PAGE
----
“Sam Jones (B.F.A. ’09 in Photography) is an artist with a dream,” said Professor Linda Adele Goodine, who teaches photography and intermedia at Herron. “He has followed his vision to graduate school and now, the larger art stage. It’s an infinite plan to create and bring wonder and curiosity to the public by making art that begs us to look at who we are and where we come from.”
Goodine’s assessment was not lost on those who bestow the Joyce Alexander Wein Artist Prize, which for nine years has been awarded to an African-American artist “who demonstrates great innovation, promise and creativity.” George Wein created the $50,000 prize in memory of his wife. It is given each year by the Studio Museum in Harlem. The prize was announced on October 27.
“I remember Sam Jones vividly,” said Professor Jean Robertson. “He was a student in several of my art history classes, and a complete pleasure in every way. He was always engaged in class and eager to learn and discuss. He was particularly interested in documentary photography that shone a light on the situation of impoverished and disadvantaged people. Sam has a strong sense of social justice, and wanted to use his art to make a difference in the world. Clearly he was a young man who was going to be a success, given his dedication and commitment.”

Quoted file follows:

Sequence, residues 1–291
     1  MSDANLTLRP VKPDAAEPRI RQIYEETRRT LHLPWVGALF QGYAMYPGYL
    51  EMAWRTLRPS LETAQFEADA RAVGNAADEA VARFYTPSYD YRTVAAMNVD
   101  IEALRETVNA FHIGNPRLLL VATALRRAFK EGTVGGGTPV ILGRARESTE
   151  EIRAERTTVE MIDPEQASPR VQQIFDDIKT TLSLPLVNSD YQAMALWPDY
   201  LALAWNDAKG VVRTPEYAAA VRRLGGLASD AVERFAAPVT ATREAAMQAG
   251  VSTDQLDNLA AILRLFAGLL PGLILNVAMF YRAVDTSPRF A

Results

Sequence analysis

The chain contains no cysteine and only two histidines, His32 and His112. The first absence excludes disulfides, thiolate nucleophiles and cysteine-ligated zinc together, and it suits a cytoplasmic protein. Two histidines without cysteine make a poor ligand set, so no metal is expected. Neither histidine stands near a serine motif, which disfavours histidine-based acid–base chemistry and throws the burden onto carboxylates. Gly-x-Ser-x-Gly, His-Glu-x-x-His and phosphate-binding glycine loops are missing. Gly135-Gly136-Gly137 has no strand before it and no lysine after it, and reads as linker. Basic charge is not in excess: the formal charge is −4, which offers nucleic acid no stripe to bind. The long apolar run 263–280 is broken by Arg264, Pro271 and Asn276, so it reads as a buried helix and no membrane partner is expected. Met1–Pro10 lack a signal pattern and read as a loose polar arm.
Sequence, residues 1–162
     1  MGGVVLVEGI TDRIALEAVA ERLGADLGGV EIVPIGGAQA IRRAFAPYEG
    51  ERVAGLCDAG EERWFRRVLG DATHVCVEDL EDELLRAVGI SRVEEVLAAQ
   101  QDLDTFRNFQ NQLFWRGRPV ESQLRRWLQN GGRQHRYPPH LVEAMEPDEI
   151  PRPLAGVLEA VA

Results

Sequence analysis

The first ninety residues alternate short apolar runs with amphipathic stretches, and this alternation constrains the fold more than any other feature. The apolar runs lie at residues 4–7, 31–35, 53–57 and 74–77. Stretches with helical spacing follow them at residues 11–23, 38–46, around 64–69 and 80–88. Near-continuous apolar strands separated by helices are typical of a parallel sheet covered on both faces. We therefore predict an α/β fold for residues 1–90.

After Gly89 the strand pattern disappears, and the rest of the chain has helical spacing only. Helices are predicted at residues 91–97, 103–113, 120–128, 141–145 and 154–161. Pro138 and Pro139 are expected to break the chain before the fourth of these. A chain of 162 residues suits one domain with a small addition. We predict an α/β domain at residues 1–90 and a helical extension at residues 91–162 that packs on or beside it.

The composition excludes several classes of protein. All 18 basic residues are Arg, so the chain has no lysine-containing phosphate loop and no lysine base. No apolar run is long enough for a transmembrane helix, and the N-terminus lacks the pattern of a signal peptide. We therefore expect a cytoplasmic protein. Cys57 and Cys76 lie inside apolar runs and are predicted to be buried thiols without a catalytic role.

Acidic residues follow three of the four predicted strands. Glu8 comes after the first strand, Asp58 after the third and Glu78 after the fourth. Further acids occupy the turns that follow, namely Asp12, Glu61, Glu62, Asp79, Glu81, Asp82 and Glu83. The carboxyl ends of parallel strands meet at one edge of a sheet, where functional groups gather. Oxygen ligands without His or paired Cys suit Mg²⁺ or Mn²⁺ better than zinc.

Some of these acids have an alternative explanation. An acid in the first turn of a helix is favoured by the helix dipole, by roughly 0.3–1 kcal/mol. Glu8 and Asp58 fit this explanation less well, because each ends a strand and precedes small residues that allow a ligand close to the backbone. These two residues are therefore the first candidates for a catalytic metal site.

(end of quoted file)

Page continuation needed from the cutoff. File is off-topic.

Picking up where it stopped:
As for Jones, he said he was at home in the San Francisco Bay area when he got the fateful phone call. “I was really surprised. I never imagined getting this award.” His website describes his art making as “…an attempt to address identity within the modern world upon the existence of exclusion.” He describes his first class in photography as a life changing experience even though his work has evolved into additional mediums.
Work by Jones will be featured in Black White Thread, a solo exhibition opening on November 8 at Papillon in Los Angeles.